Opolais makes winning Met debut in 'La Rondine'
- Article by: RONALD BLUM
- Associated Press
- January 13, 2013 - 5:06 PM
NEW YORK - Kristine Opolais was such a hit at her Metropolitan Opera debut that she got bopped on the head.
The 33-year-old Latvian soprano had just completed her role debut as Magda in Puccini's "La Rondine" on Friday night when a fan threw a bouquet of white flowers that came apart and fluttered onto the stage and into the orchestra pit. As she reached down to pick up some of the petals, another bouquet hurtled toward the stage and thwacked her on the noggin.
The audience giggled and Opolais continued taking her bows. It was an unexpected end to an evening that saw Puccini's least popular mature work return to the Met for just its second run since 1936.
Taking over roles sung by Angela Gheorghiu and husband Roberto Alagna when the staging opened on New Year's Eve 2008 — Gheorghiu said this month they are divorcing — Opolais was paired with tenor Giuseppe Filianoti, singing Ruggero on his 39th birthday.
Her voice is filled with color and shadings, and she has a charming manner on stage, as does Filianoti. While Gheorghiu's Magda was a diva, Opalis was more of the girl next door — if the girl next door happens to be a courtesan.
Opolais' first-act aria "Chi il bel sogno di Doretta (Doretta's beautiful dream)" started a bit tentatively in perhaps a sign of nerves, but she won over the audience with her warmth and lyricism. At times, though, both Opalis and Filianoti had trouble being heard with authority over Puccini's thick orchestration.
Puccini originally intended the piece for Vienna's Carltheater, which wanted an operetta, but he composed it as a comic opera, and World War I caused the premiere to be shifted to Monte Carlo in 1917. While Giuseppe Adami's libretto lacks the drama of Puccini's better-known compositions, the opera has lush melodies that make it a winning if underrated work. The second-act quartet "Bevo al tuo fresco sorriso (I drink to your fresh smile)," was the feel-good highlight of the night.
Magda, the mistress of the banker Rambaldo, falls in love with Ruggero, who has just arrived in Paris, and moves with him to the French Riviera. The title, which translates to "The Swallow," comes from the poet Prunier telling Madga she will head south like the bird.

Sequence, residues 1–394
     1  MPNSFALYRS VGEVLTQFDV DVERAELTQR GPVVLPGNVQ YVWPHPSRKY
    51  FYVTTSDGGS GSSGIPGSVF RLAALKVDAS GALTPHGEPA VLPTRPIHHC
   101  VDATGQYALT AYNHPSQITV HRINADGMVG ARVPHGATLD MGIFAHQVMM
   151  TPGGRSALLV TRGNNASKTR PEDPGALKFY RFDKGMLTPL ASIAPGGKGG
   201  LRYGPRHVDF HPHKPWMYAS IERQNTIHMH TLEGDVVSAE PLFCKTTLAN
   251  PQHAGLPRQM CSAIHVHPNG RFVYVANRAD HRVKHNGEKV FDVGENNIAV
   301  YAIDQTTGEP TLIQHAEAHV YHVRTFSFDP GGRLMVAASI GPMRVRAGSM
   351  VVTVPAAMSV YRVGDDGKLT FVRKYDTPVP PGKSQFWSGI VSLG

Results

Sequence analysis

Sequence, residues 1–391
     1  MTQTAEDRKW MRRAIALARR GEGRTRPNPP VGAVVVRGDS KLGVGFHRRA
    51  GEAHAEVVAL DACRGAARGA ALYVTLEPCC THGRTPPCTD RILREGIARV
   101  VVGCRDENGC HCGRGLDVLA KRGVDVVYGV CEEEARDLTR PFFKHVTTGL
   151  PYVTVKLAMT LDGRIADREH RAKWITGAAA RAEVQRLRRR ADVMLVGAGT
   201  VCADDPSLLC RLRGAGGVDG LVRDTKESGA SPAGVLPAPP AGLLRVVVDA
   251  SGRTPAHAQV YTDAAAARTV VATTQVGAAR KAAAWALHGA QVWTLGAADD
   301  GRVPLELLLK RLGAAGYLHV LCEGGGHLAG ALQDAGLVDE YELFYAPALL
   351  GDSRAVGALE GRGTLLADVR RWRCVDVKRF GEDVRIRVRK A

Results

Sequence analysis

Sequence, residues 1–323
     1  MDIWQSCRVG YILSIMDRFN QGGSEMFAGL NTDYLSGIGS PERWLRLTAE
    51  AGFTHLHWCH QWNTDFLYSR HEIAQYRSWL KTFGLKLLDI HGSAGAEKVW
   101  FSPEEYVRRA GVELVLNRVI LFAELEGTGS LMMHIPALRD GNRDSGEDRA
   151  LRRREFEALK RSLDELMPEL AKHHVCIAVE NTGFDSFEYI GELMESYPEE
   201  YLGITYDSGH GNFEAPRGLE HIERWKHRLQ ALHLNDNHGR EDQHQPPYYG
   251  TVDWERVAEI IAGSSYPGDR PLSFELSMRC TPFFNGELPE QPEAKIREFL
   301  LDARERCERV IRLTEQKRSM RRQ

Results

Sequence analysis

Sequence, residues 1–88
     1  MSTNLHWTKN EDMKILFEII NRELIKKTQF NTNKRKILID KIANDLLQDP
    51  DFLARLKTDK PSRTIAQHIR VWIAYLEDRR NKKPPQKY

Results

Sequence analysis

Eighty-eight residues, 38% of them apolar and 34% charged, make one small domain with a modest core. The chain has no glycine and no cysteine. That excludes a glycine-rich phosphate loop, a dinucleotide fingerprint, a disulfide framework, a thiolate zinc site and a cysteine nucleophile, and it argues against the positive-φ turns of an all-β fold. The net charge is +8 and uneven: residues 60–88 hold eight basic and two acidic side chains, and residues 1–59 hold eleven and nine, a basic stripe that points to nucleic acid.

But by the end, Magda says she cannot marry him, tells him she has a sordid past and leaves Ruggero.
Baritone Dwayne Croft, apparently over the cold that hampered him in Berlioz's "Les Troyens" last month, sang heartily as Rambaldo. Anna Christy was spunky as Madga's maid Lisette and tenor Marius Brenciu was sweet voiced as Prunier.
The Nicolas Joel staging is a co-production of The Royal Opera and Theatre du Capitole Toulouse, and it first appeared in London in 2002 as a vehicle for Gheorghiu, whose relationship with the Met broke down two years ago when she withdrew from a new staging of Gounod's "Faust."
Sets by Enzo Frigerio — the extensive use of columns is a giveaway — transport the action from the mid-19th century to the art deco age of the 1920s. For a couple running out of money, their glass-roofed hotel seemed palatial.
Rather than use the dress with shiny accents and jeweled-headband flapper look of Gheorghiu, Opalis was decked out in new attire created by Sylvia Nolan, the Met's resident costume designer. Gheorghiu, whose performance can be seen in an EMI DVD of the initial Met run, had short, dark hair, while Opolais' was a wavy dirty blonde.
Ion Marin, who led this production at the San Francisco Opera with Gheorghiu in 2007, conducted with great ebb and flow but allowed the volume to overwhelm the singers.
There are four more performances of the revival, with the finale on Jan. 26 broadcast live on radio around the world.
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